12 Days| Voices of Rural Farm Folk: Pacora, Lambeyeque, Chiclayo
When Future Voices International was first invited to run a new media and digital communication workshop in a rural village deep in a Peruvian farming community, I knew it was going to be a tough challenge. Little did I know how remote this village was and the near to no existence of accessible technology here in the community.
Picture: Joana Rosemary, Diego Relaiza, Sujey Montalean, Sadiq Miah (Programme Director), Jhon Silves, Jemman Alexis & Roysen Agrido
I knew from the beginning that the project will need to be re-worked and adapted to suit such a situation where the sustainability of the project will be affected due to the lack of internet and access to computers. The main part of the project is young people with stories they wish to share with the world, something this village defiantly had by the bucket load. Future Voices Internationals mission is to share these with the world and get the stories of this community heard by as many people as possible.
The main focus the young participants of the project wanted to explore during out workshop sessions was on how farming life differs from any other. The majority of the kids know what city life is like as they spend the academic part of the year in cities across Peru but always return back here in the vacation periods to help family on the fields. After many discussion and planning session the young participants came up with the title: Mi Vida en Chacra (My life on the farm)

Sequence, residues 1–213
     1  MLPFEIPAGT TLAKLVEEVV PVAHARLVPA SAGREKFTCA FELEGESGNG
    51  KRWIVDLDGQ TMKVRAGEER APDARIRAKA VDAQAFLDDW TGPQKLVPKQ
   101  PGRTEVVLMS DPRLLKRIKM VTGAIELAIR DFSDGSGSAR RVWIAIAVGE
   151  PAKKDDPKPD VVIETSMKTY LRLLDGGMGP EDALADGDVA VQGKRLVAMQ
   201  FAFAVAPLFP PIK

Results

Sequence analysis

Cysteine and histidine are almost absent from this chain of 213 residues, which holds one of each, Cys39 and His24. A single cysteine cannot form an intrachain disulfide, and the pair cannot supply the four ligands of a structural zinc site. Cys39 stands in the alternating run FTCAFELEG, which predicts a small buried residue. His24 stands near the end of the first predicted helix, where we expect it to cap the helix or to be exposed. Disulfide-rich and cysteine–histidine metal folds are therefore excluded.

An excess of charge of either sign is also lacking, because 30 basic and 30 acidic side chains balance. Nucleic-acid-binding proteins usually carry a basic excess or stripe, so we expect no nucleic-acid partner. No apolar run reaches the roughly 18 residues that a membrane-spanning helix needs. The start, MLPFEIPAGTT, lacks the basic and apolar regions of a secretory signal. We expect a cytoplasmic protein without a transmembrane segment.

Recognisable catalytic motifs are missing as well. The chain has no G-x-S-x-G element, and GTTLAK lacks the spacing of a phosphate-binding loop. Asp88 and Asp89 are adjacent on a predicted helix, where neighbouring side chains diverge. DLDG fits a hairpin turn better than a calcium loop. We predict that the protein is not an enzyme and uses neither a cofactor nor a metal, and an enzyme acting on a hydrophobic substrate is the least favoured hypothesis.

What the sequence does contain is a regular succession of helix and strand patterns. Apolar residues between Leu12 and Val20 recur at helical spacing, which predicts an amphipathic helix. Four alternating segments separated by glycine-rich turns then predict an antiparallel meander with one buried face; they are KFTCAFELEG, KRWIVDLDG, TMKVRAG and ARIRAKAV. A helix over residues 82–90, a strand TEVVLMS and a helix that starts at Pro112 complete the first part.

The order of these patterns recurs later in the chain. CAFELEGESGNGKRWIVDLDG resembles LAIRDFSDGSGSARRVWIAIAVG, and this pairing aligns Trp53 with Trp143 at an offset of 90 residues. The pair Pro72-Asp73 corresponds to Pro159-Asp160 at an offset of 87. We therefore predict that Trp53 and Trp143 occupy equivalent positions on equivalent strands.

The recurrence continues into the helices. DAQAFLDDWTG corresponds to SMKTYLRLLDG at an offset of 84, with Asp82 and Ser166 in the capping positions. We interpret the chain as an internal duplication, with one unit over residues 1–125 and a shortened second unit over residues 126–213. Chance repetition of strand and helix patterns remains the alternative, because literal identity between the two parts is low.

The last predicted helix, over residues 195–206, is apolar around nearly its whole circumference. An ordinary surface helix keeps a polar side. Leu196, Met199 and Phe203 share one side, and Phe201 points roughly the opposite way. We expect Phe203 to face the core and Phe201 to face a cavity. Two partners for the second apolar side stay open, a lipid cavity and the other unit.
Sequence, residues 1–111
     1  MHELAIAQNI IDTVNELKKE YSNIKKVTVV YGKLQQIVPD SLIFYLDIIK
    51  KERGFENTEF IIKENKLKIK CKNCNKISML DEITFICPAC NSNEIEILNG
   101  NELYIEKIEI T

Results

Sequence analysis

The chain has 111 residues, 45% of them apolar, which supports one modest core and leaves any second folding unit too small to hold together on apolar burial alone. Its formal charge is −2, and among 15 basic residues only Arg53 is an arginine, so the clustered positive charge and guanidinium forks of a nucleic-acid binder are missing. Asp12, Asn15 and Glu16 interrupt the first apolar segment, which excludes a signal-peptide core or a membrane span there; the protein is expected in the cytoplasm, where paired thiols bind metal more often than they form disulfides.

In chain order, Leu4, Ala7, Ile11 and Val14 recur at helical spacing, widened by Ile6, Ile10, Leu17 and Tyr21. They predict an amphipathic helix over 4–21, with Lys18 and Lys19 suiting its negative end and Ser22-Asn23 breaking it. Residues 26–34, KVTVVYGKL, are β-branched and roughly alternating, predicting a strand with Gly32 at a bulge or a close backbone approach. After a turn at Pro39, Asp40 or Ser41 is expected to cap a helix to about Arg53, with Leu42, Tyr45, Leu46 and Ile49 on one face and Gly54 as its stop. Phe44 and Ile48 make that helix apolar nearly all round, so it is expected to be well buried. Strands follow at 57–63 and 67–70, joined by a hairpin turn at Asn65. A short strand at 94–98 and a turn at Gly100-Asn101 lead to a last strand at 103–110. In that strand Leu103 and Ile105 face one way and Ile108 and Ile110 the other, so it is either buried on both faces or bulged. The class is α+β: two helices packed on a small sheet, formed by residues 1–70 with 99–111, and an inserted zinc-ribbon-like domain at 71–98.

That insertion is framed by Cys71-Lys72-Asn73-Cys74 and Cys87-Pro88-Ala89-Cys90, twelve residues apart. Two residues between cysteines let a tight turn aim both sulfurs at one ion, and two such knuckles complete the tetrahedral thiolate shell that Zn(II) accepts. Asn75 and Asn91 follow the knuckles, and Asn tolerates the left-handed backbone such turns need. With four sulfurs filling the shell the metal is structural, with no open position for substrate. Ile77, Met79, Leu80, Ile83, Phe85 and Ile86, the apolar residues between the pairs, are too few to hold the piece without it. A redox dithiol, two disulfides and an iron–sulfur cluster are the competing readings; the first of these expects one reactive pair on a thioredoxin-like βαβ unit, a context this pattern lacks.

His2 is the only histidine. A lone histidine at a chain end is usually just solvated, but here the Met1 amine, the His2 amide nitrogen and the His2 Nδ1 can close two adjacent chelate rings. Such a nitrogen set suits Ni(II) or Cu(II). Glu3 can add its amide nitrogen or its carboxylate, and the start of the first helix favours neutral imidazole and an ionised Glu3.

We decided to use 12 year old Jhon Silves Anderson as the main leading role, and through his character the film took place. The project took place at various times through the 12 days to represent all parts of the day to get an accurate representation of the life for a young person living on a Peruvian farm. project was created by six young individuals living in the local farming community, pictured in the first image of this post.
Another ultra short film called ‘Ardilla’ was shot by 13 year old Jemman Alexis Montalean Diaz, the short film was shot during a hunting squirrels session with the family. The film defiantly push’s boundary’s and clearly highlights the differences between life in here in the country and the city.
The project was successful and a press release has been sent to the local Lambeyeque newspapers to help spread the hard work the young people have invested into their masterpieces. The training provided was tailored to the age group of participants and the access to communication media. The finished project work will be featured during the first ever film festival taking place in Pachacutec on Friday 18th February 2011. If unfortunately you are unable to attend in person, then you can still take part in this film festival as all films will be available to view in our online catalogue.
Excellent news!Looking forward to seeing the films soon!
January 19, 2011 at 12:01 am